I found her by doing local advanced searches on Twitter – radius to Mt. Pleasant searches. It took a bit to get used to that, the idea of just finding Central Michigan University students and following them, but I started with the CM Life staff and journalism students, figured there was a valid connection there. Also knew that they were the crowd to be watching not only for something big in terms of breaking news, but just keeping up on their world and community. In our market, college students make up a big demographic of Twitter users.

Randi picks up the story:

Rick had started following me at some point right before I left Mt. Pleasant to spend my fall semester interning at the Flint Journal. He first made contact when I tweeted to ask my followers where I should consider applying for summer internships at. He direct messaged me to tell me about a potential opportunity in Oakland.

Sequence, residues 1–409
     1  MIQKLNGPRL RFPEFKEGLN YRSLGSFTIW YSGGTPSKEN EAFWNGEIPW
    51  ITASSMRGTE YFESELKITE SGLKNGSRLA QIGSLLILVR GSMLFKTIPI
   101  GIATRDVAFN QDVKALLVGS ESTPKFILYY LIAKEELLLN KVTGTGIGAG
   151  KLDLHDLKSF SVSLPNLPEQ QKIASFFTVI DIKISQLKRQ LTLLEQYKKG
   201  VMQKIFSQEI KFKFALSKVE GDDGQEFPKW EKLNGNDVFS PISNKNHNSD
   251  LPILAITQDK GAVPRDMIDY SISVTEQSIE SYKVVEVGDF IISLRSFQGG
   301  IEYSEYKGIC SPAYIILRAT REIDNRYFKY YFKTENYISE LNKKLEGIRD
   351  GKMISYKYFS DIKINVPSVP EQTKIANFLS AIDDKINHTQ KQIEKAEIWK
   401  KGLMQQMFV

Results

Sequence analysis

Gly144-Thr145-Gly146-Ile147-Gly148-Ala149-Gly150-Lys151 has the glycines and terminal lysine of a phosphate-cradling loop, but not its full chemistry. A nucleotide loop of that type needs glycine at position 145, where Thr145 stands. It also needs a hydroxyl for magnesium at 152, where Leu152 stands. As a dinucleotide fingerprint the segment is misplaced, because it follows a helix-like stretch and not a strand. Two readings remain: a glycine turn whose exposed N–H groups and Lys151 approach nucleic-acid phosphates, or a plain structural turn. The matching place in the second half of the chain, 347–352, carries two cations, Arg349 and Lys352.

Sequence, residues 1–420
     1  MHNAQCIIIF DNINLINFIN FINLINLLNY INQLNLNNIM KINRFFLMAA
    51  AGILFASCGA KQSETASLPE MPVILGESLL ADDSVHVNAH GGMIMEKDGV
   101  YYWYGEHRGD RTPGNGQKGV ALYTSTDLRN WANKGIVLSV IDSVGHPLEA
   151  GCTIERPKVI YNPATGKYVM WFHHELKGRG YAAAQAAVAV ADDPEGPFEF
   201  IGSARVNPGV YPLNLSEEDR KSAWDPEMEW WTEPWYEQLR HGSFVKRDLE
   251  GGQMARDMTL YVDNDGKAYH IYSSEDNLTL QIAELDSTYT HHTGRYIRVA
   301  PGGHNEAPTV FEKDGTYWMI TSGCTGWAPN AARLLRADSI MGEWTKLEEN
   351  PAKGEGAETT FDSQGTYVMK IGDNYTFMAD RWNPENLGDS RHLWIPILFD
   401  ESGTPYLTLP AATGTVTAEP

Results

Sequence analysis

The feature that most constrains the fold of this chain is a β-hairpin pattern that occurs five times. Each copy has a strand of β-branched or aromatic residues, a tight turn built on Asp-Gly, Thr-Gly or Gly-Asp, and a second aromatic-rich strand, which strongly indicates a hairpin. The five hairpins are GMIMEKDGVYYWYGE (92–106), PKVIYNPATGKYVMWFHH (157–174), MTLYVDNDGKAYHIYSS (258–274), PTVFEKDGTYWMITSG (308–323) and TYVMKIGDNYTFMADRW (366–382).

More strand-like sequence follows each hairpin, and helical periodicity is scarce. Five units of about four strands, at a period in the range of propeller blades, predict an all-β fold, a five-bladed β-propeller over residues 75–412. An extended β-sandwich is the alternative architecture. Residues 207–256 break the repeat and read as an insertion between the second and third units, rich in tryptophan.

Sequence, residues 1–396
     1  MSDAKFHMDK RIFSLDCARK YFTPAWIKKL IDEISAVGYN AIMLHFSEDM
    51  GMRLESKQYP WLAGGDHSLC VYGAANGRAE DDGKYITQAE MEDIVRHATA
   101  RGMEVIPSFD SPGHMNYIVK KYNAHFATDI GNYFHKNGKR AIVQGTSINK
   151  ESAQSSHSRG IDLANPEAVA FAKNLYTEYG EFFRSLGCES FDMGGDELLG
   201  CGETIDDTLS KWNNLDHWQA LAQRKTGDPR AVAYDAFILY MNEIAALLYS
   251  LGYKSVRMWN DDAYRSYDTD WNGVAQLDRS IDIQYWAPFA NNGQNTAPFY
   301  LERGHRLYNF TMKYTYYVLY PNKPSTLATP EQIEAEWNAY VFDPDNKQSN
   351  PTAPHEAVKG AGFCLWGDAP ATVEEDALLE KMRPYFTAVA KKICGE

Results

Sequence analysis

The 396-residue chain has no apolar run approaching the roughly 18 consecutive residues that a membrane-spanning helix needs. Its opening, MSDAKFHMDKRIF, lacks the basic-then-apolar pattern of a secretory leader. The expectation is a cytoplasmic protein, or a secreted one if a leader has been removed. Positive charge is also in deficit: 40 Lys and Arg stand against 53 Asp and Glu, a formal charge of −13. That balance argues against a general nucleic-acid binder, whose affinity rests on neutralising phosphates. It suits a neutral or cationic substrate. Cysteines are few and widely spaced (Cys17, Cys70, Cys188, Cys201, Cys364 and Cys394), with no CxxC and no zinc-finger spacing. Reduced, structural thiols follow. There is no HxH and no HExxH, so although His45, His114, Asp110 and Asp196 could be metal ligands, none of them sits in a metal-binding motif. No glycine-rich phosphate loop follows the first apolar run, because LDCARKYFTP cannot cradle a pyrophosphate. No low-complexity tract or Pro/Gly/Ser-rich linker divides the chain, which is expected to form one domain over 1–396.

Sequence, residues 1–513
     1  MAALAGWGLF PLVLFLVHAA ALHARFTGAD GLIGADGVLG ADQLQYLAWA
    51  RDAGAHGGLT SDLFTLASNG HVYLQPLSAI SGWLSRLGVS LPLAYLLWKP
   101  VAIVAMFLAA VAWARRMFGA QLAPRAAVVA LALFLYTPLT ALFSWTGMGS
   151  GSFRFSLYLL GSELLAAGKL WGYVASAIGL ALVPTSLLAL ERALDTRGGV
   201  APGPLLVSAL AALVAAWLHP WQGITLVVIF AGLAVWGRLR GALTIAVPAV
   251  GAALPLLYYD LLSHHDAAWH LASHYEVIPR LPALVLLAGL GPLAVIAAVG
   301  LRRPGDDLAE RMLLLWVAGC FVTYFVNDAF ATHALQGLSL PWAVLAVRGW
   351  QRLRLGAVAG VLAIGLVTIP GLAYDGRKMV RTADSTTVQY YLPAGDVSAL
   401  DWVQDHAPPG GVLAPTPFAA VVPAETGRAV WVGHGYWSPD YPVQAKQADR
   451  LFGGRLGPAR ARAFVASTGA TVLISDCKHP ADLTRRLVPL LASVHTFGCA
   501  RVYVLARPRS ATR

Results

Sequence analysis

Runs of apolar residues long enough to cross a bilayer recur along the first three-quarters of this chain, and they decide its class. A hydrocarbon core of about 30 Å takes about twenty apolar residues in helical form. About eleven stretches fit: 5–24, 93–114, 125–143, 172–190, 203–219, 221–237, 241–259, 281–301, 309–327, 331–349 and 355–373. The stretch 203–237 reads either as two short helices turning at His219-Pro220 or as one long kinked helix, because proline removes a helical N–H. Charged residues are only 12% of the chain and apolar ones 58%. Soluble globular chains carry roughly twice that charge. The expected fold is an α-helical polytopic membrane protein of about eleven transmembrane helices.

Randi decided to take a full-time internship in Flint that fall. While she was there, Rick was watching her work on Twitter:

It was obvious that she was engaged with both her college friends and colleagues but also with the Flint community she was covering for Booth on her internship.

So, besides her tweeting with friends, she would report stories she was going to work on, report tidbits from interviews she had done and ask for lead ideas, even. I remember one in particular where she’d gone with 30 kids to a farm and asked how to start a story with so much fun and so many kids…

Back to Randi: